OgreOgress Productions


David TOUB (b. 1961)
mf (1997/2004) [13:30]
Morton FELDMAN (1921-2006)

Two Pieces for String Quartet (1954) I [4:41]
Two Pieces for String Quartet (1954) II [3:14]
David KOTLOWY (b. 1959)

of Shade to Light (2001) [14:20]

For String Quartet (1956) [3:07]
John PROKOP (b. 1963)

New England, Late Summer (2003) [15:45]

Three Pieces for String Quartet (1956) I [3:14]
Three Pieces for String Quartet (1956) II [4:41]
Three Pieces for String Quartet (1956) III [3:07]
David BEARDSLEY (b. 1960)

as beautiful as ... (2004) [30:00]
Rangzen Quartet, Christina Fong
rec. No recording information

OgreOgress Productions - No catalogue number [95:15]

This disc is an audio DVD containing three works by Morton Feldman along with new works by four other composers. While the Feldman pieces are what grabs attention, some of the other works are very interesting indeed. The misnamed "Three Pieces for String Quartet" by Feldman - misnamed because they are a combination of Feldman's 1954 Two Pieces for String Quartet and his 1956 For String Quartet - are three short pieces (each less than five minutes) that, in retrospect, harken forward to his later string quartets, with similar structures and approaches. Brief phrases, short touches and deft strokes of melody arise and fade away; the instruments occasionally sound like an ensemble, but at other times sound like four instruments each playing their own fragments. Curiously, each of these works figures twice on the disc, once separate (the Two Pieces followed by another work, then the For String Quartet) and once together. This is not great, memorable Feldman, but is interesting for those who like his work.

Next comes David Toub's astounding mf, an homage to Feldman, but a totally different type of work. This is Toub's first recorded work, and it has a Glassian sound, a sort of driving rhythm with rocking melodies that got me tapping my feet, truly enjoying the gestalt of the work. This work is underscored by swaying intervals played on viola that maintain a strong rhythm, but also the underlying melodic base of the work. After about ten minutes, the tone changes, becoming more mysterious, then returns again to the opening motive of rhythmic energy to close with a joining of the instruments on a final tone.

David Kotolwy's Of Shade to Light is a haunting work that begins on a droning tone which arises and fades away and changes octave. With a tone similar to that of Feldman's two string quartets, this work is sinuous and hesitant; while not much happens, what does occur is interesting. The gradual shifts from one unison tone to a harmony, from music to silence, make the listener wonder where the music is going. An homage to Schoenberg, this work is quite beautiful, with its enigmatic sound and interesting tone colors.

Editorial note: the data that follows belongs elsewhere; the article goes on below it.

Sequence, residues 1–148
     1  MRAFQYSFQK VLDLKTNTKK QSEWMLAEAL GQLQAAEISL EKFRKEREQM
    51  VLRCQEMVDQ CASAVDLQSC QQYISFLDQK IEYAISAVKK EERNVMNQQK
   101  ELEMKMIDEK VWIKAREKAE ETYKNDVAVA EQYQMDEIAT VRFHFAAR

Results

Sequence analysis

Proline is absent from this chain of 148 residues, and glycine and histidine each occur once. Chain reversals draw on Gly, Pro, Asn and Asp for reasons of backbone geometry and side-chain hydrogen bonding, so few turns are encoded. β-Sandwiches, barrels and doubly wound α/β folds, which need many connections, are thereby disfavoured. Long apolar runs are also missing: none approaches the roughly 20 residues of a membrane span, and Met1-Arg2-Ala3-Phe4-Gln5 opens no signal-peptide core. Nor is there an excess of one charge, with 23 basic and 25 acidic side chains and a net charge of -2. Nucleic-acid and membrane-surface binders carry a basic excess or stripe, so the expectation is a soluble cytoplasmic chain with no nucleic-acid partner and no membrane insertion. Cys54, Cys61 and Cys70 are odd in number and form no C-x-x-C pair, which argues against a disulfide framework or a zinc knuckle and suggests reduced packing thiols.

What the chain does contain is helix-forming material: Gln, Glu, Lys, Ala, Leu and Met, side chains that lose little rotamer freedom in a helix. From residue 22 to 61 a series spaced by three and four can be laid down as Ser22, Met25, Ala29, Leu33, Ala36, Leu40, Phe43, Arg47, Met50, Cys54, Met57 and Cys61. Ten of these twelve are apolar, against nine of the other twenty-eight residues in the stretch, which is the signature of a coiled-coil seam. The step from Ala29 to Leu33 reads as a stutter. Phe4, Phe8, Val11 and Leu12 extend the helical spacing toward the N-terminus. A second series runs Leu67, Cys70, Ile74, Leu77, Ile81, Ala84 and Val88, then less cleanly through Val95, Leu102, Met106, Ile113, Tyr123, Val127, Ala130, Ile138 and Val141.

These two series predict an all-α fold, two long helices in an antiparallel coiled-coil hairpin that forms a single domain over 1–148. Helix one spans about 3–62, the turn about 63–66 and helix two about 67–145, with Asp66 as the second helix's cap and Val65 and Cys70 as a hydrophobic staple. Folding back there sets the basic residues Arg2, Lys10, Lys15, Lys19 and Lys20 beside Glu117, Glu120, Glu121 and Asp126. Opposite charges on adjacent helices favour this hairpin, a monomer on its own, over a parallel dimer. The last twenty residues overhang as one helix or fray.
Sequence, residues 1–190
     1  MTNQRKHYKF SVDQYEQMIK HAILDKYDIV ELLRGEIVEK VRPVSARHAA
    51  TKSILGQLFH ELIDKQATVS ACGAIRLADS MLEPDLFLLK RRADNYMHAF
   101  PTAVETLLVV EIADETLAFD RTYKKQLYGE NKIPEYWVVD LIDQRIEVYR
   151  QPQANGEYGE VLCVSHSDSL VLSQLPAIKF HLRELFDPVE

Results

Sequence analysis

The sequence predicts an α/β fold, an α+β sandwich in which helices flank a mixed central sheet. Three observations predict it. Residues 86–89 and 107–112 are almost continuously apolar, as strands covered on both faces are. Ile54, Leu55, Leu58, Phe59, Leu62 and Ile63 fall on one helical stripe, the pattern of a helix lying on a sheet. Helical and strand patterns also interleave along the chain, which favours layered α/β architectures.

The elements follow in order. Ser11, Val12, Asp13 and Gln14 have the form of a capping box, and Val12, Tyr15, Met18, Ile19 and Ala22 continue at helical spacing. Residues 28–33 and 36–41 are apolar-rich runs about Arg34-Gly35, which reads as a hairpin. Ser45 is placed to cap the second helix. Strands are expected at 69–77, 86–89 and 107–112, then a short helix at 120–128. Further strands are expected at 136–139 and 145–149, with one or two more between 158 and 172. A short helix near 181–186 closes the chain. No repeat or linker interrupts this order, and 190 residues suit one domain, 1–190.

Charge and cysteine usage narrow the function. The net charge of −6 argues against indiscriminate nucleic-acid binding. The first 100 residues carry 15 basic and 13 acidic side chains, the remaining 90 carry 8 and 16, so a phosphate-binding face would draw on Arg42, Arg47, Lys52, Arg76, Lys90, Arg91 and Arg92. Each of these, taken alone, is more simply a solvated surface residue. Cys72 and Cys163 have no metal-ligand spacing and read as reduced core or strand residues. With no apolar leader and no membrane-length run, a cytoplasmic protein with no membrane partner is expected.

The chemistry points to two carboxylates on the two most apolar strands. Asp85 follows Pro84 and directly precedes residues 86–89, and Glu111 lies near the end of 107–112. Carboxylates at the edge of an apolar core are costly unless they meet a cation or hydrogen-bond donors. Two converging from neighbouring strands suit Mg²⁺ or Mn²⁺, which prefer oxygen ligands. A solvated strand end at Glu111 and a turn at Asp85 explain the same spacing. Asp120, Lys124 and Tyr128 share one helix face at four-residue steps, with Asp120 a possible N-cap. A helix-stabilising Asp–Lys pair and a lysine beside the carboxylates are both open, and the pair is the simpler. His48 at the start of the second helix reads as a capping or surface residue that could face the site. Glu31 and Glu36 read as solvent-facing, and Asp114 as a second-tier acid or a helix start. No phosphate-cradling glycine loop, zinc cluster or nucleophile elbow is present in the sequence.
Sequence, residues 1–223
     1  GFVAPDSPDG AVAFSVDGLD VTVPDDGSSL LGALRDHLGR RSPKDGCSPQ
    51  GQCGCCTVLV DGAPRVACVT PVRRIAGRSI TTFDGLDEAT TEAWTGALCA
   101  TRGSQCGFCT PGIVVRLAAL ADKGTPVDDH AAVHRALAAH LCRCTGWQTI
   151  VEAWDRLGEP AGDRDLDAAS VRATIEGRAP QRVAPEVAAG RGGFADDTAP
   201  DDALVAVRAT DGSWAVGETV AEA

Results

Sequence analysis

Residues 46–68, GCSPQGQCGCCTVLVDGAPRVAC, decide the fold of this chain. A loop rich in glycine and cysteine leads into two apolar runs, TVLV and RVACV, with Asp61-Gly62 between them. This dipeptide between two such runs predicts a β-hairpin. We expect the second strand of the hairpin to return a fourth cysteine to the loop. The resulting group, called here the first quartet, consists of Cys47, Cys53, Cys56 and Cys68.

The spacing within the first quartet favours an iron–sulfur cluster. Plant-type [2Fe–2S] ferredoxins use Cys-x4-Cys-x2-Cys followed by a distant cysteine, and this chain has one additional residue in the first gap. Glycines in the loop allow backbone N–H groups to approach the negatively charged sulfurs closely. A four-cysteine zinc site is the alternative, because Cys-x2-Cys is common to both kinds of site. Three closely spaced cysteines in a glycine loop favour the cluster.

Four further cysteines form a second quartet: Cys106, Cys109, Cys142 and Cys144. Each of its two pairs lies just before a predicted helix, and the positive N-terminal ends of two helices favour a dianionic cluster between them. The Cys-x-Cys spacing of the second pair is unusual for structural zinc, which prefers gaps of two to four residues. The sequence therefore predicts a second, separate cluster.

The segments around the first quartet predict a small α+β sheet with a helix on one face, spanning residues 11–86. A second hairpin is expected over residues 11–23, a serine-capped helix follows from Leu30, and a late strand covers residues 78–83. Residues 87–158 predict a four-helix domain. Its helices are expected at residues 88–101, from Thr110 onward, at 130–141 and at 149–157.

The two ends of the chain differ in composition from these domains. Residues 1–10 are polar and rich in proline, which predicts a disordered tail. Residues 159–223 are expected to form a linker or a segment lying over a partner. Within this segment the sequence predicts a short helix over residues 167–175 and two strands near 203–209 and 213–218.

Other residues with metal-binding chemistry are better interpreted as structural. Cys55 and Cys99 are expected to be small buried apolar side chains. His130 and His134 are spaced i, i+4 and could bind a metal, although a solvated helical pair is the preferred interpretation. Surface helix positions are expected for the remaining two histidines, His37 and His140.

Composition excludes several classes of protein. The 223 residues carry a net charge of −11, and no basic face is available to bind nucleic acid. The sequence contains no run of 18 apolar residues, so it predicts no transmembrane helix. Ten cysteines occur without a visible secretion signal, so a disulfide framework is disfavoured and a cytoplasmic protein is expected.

John Prokop's New England, Late Summer is, as the composer says in the liner notes, "something that would not call attention to itself but be still an effective canvas." Written as "background" music for his wedding, this 15-minute piece is similar to the ambient music of composers such as Brian Eno and Harold Budd. While written as a soundscape, its breathing-like rhythm can grab hold of the listener, and its repetitive yet changing motives provide familiarity as the piece progresses. It certainly works as an ambient piece, yet merits a close listen.

Finally, the 30-minute As Beautiful as a Crescent of a New Moon on a Cloudless Spring Evening, by David Beardsley, is a work that you will either love or hate. "Tuned to the system known as just intonation," the work could be described by some as out of tune. Some people may find this type of music attractive, but it sounds to me like a group of instruments that are simply not in key. With long, droning tones, and no real harmony to speak of, aside from what sounds like a swarm of bees in the last eight minutes or so where each instrument plays a single tone together. The performers find it difficult at times to maintain their notes in tune - according to the tuning system - and you can hear them wavering at times. A few minutes of this is interesting; 30 minutes is too much.

So there are three very interesting new works, three short Feldman pieces, and one long work that may not appeal to many listeners. However, all this is moot if the DVD-audio format poses problems to you. Unplayable on CD players and many DVD players, you cannot listen to this disc easily. You also cannot digitize it to listen on an iPod, or via any digital music player. Add to that the relatively expensive price (one disc for the price of two), and the fact that it is a burned DVD as opposed to a manufactured DVD (more fragile) and there are enough negatives to turn you away from this disc. Composer David Toub has even criticized the choice of the DVD-A format on his website. There is one alternative though: you can buy the album from iTunes, for the standard album price, and get this music in a much more usable format.

It's a shame that such interesting new music is stuck on a format that is complicated to play, and offers few advantages (aside from being able to hold more music than a CD; this disc is about 95 minutes long). Little-known composers need exposure, and this type of disc will remain in the cubby-holes of new music just because of the format it uses. Nevertheless, for the three works by Toub, Kotolwy and Prokop, this disc offers a rare chance to discover some composers who merit much more attention.


Kirk McElhearn


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